All the force of attorneys at the table for the defense watched with keen eyes every man examined and frequently referred to a voluminous r[e]cord containing the names of all the veniremen and detailed statements of their history and associations so far as these might have a bearing on their desirability as jurors to pass on Leo Frank’s guilt or innocence.

The keenest interest was manifested by those in the crowded little courtroom as the strategies of the brilliant lawyers were revealed during the examination.

State Had Veniremen’s Records.

The thoroughness with which the Solicitor and his assistants had canvassed the history of every venireman and had investigated whether or not he had ever expressed an opinion on the guilt or innocence of the accused was demonstrated when W. W. Hemmett, a salesman for the Kingsbury Shoe Company, was being examined as to his qualifications.

“Have you ever said you thought Frank was guilty?” Mr. Dorsey inquired.

“No, I never have,” replied Hemmett.

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Frank Watches Closely as the Men Who are to Decide Fate are Picked

Another in our series of new transcriptions of contemporary articles on the Leo Frank case.

Atlanta Georgian (Hearst’s Sunday American)
July 27th, 1913

This newspaper article is a continuation from the first page of an Atlanta Georgian newspaper. The first page is missing from our archives. If any readers know where to obtain the first part of this article, we would appreciate any help! Thank you!

[…] Mary Phagan by strangulation. This was followed by the request of the defense that the State’s witnesses be called, sworn and put under the rule.

The prosecution opened by announcing its readiness to go on with the trial and called the list of witnesses. Bailiffs brought them down from the second floor. In regular order called, their names were: Mrs. J. W. Coleman, mother of Mary Phagan; J. W. Coleman, the girl’s stepfather; George Epps, newsboy; L. S. Dobbs, policeman; W. W. Rogers, bailiff for constable; L. S. Starnes, detective and also prosecutor on the indictment; Pat Campbell, detective; Grace Hicks, girl who identified Mary Phagan’s body; J. M. Gantt, once held for inquiry, now supposed, to be a star witness for the prosecution; Harry Scott, the Pinkerton detective; R. P. Barrett, pencil factory employee; B. P. Haslett, policeman; M. [sic] V. Darley, factory employee; W. A. Gheesling, undertaker that cared for the girl’s body; Dr. Claude Smith, City Bacteriologist; Dr. H. F. Harris, member of the State Board of Health; Dr. J. W. Hurt, Coroner’s physician; E. L. Parry, court stenographer; E. S. Smith, Monteen Stover, girl employee at pencil factory; Minola McKnight, cook at Frank’s home; Albert McKnight, Minola’s husband (McKnight did not appear in court); Helen Ferguson, Mrs. Arthur White, wife of factory employee, and L. Stanford.

Agree on Conley Affidavits.

Attorney Reuben Arnold asked concerning the duces tecum that he had served on the State’s attorneys for the affidavits of Jim Conley and others. On the promise of Solicitor Dorsey that he would produce the affidavits whenever needed the duces tecum was waived.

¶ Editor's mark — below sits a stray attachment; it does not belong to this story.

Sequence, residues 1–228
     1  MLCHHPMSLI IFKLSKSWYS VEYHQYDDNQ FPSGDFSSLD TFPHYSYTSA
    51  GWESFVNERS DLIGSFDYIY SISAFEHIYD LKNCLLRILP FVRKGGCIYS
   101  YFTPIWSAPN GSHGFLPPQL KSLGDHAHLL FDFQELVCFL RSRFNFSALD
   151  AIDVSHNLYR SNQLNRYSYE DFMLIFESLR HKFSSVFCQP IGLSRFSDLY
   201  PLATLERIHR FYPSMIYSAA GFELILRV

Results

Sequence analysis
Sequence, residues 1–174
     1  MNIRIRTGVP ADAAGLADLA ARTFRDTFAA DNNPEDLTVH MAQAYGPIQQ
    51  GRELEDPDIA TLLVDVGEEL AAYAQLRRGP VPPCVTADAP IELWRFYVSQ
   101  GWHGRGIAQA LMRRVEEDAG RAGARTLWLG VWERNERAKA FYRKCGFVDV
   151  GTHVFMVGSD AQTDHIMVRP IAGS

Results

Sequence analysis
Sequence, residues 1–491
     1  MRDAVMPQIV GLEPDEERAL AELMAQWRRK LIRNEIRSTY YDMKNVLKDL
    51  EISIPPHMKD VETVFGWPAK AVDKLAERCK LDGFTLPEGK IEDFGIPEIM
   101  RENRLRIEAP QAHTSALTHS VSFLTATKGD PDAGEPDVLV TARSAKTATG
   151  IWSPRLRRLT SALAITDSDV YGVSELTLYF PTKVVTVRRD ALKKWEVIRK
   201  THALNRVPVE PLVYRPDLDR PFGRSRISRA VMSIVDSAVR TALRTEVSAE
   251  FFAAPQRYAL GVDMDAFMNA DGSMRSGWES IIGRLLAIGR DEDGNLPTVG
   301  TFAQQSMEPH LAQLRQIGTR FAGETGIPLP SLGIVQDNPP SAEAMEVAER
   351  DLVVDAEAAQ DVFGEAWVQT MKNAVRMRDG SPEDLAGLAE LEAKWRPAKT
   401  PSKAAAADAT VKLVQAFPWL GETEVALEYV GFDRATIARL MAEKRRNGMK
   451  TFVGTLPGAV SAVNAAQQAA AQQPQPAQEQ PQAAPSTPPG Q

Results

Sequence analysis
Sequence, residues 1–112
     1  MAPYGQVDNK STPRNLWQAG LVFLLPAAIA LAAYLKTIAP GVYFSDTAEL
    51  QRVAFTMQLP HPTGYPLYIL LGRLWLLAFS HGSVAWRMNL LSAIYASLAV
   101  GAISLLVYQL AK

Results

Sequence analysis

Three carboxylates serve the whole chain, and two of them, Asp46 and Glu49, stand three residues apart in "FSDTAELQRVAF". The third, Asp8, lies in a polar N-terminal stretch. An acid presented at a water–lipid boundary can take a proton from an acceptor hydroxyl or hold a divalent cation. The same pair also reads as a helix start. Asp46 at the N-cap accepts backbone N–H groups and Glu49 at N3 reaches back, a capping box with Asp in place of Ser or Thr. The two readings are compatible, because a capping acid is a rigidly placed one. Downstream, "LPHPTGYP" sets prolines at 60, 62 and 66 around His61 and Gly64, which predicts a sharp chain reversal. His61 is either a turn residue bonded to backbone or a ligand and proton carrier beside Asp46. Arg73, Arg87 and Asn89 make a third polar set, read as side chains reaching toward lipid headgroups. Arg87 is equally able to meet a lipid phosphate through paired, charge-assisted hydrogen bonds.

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Dorsey Aide Says Frank Is Fast In Net

Another in our series of new transcriptions of contemporary articles on the Leo Frank case.

The Atlanta Georgian

Monday, June 16, 1913

Attorney Hooper Declares State Is Prepared for Any Move the Defense May Make.

Frank A. Hooper, the well-known criminal lawyer who has been engaged to assist Solicitor General Hugh M. Dorsey in the trial of Leo M. Frank for the alleged murder of Mary Phagan, said Monday that the case was complete and was ready for presentation in court at any time.

Mr. Hooper asserted that the attorneys interested in the prosecution had investigated every angle of the mystery so thoroughly and fortified themselves against any defense that Frank will present, that practically nothing remained to be done until the case was called for trial. The departure of Solicitor Dorsey for a week’s vacation, he said, was an indication of the preparedness of the prosecution.

No new developments are expected by the prosecution, according to Mr. Hooper. All of the stories and rumors have been run down to their original source. The defense, in his opinion, will be able to spring no surprise that has not been anticipated by the prosecution.

Mrs. Frank Gives Interview.

The American printed Sunday an exclusive interview with Mrs. Frank, whose husband, Leo M. Frank, is under indictment chraged with the murder of 14-year-old Mary Phagan. It was the first time that Mrs. Frank had permitted himself to be interviewed since the Coroner’s jury a month ago recommended that the Grand Jury hold her husband for trial.

She broke her silence to tell the thousands who have been gripped by the remarkable murder mystery just why she is absolutely confident and positive that Frank could not have been the author of the terrible deed. She made no plea for sympathy, but expressed herself as fully reconciled to the processes of the law, even though they temporarily caused her the greatest sorrow and kept her husband behind the cars as a man suspected of one of the most brutal crimes thinkable. The loyal wife said that she was able to bear the present belief because of the assurance of Frank’s ultimate and complete vindication.

Why She Believes Husband.

On the fact that she believes from her life with the suspected slayer that any gross or immoral act is utterly apart from his nature, she bases much of her belief in his entire innocence. Continue Reading →

Detective Chief Tells Grand Jury of “Third Degree”